A warrant is only as good as the way in which it is executed. A warrant application could be chock-full of probable cause, it could properly identify the items to be searched and the things to be seized with exacting particularity, and it could be based on reliable information from first-hand knowledge. Yet, if the cops screw up the execution, which happens, then the items seized should be suppressed before the case goes to trial...in most cases.
In this case study, we will briefly discuss a recent U.S. Supreme Court case – Hudson v. Michigan – that has become infamous for how much it changed the guideposts on our privacy rights when it comes to the well-known “knock and announce” rule for executing warrants.
The Facts - "Police! Search Warrant!"
Booker T. Hudson was in his home one afternoon in 1998 when he heard three words shouted from outside his front door – “Police! Search Warrant!” Almost immediately after he heard those three words, police barged into his home, finding approximately three pounds of cocaine, and a gun.
The Motion to Suppress - There is Something Called a "Knock and Announce" Rule
At trial, Hudson moved to suppress all of the items the police seized as a result of the search warrant. He argued that the police clearly violated the long-standing “knock and announce” rule, which states that police, when executing a search warrant, must first knock and announce their presence, and then they must wait a reasonable amount of time to be allowed into the residence. (The only time the police are permitted to ignore that rule is when they have a justified fear that a suspect will destroy evidence before the police are allowed in.)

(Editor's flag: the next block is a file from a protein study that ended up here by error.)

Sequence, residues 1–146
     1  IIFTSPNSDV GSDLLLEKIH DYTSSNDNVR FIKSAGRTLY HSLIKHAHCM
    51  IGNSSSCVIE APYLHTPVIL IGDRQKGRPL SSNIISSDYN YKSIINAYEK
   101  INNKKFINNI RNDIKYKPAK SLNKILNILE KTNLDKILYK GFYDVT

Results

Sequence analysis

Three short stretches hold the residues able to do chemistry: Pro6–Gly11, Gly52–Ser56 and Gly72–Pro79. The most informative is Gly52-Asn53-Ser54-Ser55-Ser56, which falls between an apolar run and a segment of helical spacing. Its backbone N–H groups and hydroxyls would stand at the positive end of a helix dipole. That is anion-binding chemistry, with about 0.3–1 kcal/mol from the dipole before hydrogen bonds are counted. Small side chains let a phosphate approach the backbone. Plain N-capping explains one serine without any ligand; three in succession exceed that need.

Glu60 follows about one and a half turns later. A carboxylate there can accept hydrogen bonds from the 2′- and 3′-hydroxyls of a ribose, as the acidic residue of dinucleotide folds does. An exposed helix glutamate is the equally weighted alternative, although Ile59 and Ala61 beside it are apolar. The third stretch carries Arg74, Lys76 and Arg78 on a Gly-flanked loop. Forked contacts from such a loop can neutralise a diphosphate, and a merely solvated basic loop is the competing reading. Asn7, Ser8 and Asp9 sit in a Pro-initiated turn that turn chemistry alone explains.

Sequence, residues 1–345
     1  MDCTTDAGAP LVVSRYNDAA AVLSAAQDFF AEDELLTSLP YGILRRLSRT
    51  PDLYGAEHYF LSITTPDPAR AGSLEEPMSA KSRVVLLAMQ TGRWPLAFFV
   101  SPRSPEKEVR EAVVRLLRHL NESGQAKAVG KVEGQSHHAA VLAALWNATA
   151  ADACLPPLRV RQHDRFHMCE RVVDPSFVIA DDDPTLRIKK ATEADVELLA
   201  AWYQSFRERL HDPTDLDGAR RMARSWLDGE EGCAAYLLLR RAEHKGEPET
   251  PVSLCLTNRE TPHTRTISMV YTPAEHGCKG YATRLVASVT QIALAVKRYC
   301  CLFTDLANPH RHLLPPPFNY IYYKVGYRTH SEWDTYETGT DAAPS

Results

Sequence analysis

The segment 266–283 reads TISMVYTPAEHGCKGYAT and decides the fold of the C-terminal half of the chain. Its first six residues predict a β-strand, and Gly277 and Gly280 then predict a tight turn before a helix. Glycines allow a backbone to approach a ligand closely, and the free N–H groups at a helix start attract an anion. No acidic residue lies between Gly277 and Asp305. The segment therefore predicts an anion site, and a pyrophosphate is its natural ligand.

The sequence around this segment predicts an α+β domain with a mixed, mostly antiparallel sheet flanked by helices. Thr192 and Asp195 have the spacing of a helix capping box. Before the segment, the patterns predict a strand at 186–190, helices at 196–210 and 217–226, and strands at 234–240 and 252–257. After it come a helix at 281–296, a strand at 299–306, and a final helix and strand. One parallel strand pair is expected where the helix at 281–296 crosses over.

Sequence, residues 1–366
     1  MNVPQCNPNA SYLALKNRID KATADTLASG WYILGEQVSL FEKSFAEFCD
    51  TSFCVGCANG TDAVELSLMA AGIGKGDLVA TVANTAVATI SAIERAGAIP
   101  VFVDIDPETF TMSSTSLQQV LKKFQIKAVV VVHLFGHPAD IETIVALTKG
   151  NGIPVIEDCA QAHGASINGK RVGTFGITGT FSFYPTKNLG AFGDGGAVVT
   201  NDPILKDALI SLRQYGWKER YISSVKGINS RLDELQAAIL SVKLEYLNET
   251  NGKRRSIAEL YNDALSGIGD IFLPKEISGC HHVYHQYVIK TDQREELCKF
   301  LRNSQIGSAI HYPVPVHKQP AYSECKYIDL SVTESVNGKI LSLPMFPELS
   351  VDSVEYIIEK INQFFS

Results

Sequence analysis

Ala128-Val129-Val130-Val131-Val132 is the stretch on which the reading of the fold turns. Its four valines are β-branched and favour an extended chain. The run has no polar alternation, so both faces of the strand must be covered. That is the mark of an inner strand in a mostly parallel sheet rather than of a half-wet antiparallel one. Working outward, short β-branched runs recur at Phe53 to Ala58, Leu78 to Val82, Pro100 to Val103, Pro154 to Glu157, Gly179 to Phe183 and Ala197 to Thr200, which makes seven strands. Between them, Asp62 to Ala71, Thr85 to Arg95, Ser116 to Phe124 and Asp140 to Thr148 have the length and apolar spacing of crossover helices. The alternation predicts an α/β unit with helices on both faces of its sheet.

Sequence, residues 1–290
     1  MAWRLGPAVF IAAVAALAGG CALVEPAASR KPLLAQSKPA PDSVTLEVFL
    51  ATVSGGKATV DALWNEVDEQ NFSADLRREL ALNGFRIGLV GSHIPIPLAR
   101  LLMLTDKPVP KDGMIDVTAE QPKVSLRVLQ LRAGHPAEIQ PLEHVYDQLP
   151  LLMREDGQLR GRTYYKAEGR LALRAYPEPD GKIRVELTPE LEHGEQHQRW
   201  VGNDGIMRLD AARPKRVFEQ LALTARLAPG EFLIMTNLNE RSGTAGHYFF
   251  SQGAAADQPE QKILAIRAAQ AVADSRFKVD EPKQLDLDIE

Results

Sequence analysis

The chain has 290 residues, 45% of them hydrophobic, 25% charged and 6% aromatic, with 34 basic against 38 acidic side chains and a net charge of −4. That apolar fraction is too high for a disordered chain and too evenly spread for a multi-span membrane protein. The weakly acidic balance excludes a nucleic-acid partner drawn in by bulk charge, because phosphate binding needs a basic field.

Interestingly, the prosecutor in the case agreed with Hudson that the cops clearly violated the “knock and announce” rule. Yet, the prosecutor maintained that the drugs and gun should still be allowed at trial. The trial court, however, suppressed the evidence. The prosecutor appealed, and the case eventually made its way to the U.S. Supreme Court.
The U.S. Supreme Court Holding - "Exclude the Evidence?. . . Not So Much"
In a major departure from previous Supreme Court cases, the Court found that even though the cops violated the “knock and announce” rule, that alone was not enough to throw the evidence out of Hudson’s case. Essentially, the Court did its best to minimize the “exclusionary rule,” which requires the suppression (or exclusion) of evidence when the defendant’s Fourth Amendment rights were violated. It is difficult to find any clear reasoning as to why the Court made the decision it did. Nevertheless, that position won with a slim majority of the Justices.
The decision was otherwise met with horror and dismay by the legal community because it represented a substantial diminishing of the right to privacy in one’s own home. Indeed, an article in The New York Times, titled “The Don’t-Bother-to-Knock Rule,” stated “This decision should offend anyone, liberal or conservative, who worries about the privacy rights of ordinary Americans.”
In sum, increased limits on police conduct might alter rulings like the holding in Hudson with regard to the proper execution of a search warrant. Meanwhile, if you are ever charged based on evidence discovered as a result of a search warrant, remember that you can ask the court to suppress that evidence. You can do so based on a bad warrant, like one that has insufficient probable cause, or based on bad execution of the warrant.
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